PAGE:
Civil War Saturday: Ruins of the Richmond Arsenal

April 1865. Ruins of the State Arsenal at Richmond showing stacked and scattered ammunition. From photographs of the main Eastern theater of war after the fall of Richmond, compiled by Hirst Milhollen and Donald Mugridge.

April 1865. Ruins of the State Arsenal at Richmond showing stacked and scattered ammunition. From photographs of the main Eastern theater of war after the fall of Richmond, compiled by Hirst Milhollen and Donald Mugridge.

Found at Shorpy.

Comments

  1. Wow, that one hits home for me.

    My great-great-great (+/- 1 great) grandfather was a canon maker who left PA and moved to Richmond to build canon for the South. He probably worked at that very site.

    He lived through it though, and moved back home, apparently with no ill will.

  2. “Are those cannon balls? Did they have any explosive in them?”

    Most of them are, indeed, cannon balls. They kind of look like bowling balls because there are little holes in them, like the finger holes in the balls used for America’s Favorite Indoor Sport.

    Those finger holes are actually where the fuse is inserted, screwed down so it is surrounded by the explosive that normally fills the ball. Was there any explosive in those balls when the picture was taken? Probably not, but I wouldn’t be surprised if I was wrong.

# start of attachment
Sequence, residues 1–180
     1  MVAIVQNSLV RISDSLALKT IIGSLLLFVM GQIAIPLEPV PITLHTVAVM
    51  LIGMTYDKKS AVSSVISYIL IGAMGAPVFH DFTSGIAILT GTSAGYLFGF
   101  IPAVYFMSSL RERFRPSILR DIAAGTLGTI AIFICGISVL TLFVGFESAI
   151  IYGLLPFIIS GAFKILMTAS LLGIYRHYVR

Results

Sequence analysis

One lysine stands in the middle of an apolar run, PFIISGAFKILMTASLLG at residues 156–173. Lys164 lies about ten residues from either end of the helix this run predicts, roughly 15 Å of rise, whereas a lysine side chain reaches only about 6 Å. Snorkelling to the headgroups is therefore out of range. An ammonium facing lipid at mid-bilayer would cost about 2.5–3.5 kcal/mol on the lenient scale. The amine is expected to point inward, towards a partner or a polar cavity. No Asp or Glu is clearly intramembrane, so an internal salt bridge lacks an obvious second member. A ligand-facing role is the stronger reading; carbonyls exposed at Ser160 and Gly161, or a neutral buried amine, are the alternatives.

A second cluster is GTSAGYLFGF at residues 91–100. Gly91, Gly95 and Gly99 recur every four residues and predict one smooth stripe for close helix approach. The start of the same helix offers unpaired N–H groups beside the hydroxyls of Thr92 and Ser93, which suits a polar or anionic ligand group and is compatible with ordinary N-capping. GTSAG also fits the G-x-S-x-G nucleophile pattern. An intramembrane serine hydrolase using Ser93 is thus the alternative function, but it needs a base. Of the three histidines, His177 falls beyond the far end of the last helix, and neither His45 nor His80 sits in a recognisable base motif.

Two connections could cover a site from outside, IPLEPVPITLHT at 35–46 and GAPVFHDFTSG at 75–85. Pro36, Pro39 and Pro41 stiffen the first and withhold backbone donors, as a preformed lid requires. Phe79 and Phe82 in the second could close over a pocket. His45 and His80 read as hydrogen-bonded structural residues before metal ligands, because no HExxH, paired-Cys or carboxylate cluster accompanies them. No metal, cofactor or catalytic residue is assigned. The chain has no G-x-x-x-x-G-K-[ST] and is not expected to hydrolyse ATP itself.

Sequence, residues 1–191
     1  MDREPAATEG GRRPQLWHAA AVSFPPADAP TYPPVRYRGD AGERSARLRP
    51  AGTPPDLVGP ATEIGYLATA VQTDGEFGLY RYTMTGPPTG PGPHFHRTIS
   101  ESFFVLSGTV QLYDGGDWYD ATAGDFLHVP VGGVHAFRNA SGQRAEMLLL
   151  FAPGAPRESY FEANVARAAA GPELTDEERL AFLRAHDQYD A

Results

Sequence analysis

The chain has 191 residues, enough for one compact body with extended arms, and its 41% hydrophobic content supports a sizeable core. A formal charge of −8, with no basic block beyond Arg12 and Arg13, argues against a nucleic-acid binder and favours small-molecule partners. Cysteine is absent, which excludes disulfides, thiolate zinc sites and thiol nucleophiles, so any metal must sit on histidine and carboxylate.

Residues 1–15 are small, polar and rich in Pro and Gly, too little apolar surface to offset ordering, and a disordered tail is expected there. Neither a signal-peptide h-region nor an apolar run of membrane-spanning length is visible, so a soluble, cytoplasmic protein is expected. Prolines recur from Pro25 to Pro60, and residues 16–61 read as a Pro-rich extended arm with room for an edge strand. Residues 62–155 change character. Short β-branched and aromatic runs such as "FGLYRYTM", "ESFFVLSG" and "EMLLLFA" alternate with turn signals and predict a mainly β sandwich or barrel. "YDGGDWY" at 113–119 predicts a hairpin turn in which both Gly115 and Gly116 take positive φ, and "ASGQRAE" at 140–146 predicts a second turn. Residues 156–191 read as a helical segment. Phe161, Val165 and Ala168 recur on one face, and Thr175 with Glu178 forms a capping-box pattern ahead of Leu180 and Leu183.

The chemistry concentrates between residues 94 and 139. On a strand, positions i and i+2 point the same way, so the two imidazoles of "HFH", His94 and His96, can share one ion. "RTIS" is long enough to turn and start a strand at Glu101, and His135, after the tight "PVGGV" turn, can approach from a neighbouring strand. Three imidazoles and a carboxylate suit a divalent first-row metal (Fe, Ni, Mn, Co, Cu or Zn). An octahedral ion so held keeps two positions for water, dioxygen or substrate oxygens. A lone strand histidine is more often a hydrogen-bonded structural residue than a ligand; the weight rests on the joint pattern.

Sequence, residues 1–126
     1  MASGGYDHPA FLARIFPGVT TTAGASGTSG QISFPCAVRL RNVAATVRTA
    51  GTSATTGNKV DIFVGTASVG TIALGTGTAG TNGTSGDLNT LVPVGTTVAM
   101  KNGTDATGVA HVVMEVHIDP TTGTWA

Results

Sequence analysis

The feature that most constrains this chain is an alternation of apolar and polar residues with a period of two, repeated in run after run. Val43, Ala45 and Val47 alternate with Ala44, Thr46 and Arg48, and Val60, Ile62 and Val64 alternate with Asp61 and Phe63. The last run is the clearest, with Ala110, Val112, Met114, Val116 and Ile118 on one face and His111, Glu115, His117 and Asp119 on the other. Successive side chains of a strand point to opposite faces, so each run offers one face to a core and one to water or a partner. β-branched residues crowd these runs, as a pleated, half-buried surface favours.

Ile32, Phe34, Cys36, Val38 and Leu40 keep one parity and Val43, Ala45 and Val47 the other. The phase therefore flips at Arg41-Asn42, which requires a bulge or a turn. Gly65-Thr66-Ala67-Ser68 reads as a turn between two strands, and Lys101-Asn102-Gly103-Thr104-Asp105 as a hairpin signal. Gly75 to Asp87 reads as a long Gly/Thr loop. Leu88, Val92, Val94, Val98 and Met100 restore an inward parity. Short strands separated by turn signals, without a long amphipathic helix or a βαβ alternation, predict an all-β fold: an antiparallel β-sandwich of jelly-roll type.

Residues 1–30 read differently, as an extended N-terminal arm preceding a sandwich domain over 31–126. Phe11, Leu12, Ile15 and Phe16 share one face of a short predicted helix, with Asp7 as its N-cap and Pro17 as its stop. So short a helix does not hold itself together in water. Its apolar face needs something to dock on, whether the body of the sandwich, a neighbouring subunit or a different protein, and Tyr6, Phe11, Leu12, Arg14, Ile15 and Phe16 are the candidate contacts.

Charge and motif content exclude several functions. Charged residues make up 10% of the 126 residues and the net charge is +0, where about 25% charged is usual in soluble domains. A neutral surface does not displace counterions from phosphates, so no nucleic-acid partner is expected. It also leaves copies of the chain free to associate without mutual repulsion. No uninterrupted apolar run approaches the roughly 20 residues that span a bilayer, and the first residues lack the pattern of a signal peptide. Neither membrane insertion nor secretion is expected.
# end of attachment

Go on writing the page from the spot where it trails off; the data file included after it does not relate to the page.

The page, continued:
Mixed amongst the large cannon balls are what looks like strange baskets of little cannon balls. That is pretty much what they are, since you were supposed to load one of the baskets in the cannon when the enemy got really close. Called “case shot”, the baskets would break up before emerging from the muzzle, and the dozens of little cannon balls would turn your artillery piece into a really big shotgun.

    If you look over to the left of the image, you can see a work crew of mostly black men digging through the rubble. They are salvaging unbroken bricks from the debris. Note the large blocks of neatly stacked bricks around the site and you will be able to get an idea as to how long they have been at it.

    James

Comments are closed